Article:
# Constructing Triangles

##
Information about the video
**Constructing Triangles**

After this lesson you will be able to construct triangles given combinations of side lengths and angles, and tell if the conditions create a unique triangle.

The lesson begins with a method for constructing a right triangle, given one angle. It follows with a method for constructing a triangle, given one angle and two side lengths. It concludes with an example where all three side lengths are given.

Learn how to construct triangles by helping the Pharaoh create a truly unique tapestry!

This video includes key concepts, notation, and vocabulary such as: unique triangle (when only one triangle exists, which fits a given set of conditions); congruence (two figures which have the same size and shape); corresponding sides (sides that are in the same relative position in two different shapes); corresponding angles (angles that are in the same relative position in two different shapes); prime notation (used to distinguish between related figures, A and A’ (read “A prime”)).

Before watching this video, you should already be familiar with different types of triangles and their characteristics, and how to measure side lengths and angles.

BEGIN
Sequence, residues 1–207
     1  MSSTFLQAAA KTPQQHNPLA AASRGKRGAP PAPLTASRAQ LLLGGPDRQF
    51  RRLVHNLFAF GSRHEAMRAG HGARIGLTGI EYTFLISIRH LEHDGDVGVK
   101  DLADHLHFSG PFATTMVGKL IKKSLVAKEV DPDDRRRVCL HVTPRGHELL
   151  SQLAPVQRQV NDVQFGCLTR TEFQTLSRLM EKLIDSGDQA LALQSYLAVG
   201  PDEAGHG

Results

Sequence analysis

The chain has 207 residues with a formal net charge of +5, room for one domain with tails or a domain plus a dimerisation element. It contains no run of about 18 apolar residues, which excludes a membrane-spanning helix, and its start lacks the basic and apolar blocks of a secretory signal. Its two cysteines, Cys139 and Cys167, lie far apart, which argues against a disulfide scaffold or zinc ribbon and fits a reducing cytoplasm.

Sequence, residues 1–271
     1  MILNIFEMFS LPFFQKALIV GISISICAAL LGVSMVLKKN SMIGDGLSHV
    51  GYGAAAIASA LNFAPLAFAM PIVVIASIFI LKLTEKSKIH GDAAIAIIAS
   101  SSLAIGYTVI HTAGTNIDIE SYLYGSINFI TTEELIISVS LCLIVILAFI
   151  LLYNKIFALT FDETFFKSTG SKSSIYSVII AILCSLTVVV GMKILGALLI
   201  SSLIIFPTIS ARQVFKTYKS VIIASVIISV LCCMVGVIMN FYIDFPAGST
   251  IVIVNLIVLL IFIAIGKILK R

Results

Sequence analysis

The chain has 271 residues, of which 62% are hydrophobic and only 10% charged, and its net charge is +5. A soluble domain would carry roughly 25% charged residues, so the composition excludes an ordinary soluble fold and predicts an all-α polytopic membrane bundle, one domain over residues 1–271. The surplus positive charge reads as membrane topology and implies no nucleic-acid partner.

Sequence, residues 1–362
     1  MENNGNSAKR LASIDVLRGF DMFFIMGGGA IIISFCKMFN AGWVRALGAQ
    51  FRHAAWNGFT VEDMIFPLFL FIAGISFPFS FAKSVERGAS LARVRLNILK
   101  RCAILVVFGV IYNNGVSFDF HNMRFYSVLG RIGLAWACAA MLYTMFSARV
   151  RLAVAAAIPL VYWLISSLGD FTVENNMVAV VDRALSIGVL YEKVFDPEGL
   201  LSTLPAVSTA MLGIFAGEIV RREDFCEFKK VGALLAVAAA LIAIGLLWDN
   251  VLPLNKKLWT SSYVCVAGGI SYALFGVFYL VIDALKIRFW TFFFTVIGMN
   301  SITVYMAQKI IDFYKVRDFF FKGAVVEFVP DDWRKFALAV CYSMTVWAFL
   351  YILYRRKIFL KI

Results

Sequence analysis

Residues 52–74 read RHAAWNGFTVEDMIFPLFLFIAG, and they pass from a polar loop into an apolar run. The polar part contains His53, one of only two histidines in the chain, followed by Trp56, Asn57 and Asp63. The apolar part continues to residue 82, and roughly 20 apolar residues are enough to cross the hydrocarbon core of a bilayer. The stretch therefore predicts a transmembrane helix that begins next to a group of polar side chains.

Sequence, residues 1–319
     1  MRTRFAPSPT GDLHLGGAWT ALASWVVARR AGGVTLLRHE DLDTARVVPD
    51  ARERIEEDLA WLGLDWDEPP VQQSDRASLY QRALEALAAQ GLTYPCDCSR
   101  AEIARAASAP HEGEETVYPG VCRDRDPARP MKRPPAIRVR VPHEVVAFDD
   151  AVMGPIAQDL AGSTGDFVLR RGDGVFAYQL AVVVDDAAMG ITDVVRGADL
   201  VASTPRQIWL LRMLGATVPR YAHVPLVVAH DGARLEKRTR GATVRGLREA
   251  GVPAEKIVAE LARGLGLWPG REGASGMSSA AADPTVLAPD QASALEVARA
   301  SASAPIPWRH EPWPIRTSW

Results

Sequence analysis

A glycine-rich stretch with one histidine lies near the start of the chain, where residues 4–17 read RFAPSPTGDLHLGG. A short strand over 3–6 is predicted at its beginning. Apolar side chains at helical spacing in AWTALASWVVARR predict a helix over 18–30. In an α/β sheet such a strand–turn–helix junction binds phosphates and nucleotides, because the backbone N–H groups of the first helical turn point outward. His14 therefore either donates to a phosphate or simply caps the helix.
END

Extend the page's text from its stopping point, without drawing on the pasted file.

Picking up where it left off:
After watching this video, you will be prepared to learn more about congruence, similarity, and constructing unique triangles.

Common Core Standard(s) in focus: 7.G.A.2 A video intended for math students in the 7th grades Recommended for students who are 12-13 years old

###
Transcript
**Constructing Triangles**

Pharaoh Ahmose is lounging under the bright Egyptian sun and needs a tapestry to provide some shade. So he summons his tailors. The tailors must all assemble the tapestry by each creating the same triangular piece of fabric. They'll have to construct triangles with specific angle or side measurements, as dictated by the pompous pharaoh. First, Ahmose demands a right triangle.
How can we make that triangle just given one angle measurement? Let's start by using our ruler to draw a ray and labeling the point it starts from as 'C'. Remember that a ray starts at a point and goes on forever. Let's make a right angle at point 'C' by using our protractor to measure 90 degrees.
Using a straight edge tool draw a ray from point 'C' through this mark, to construct a right angle.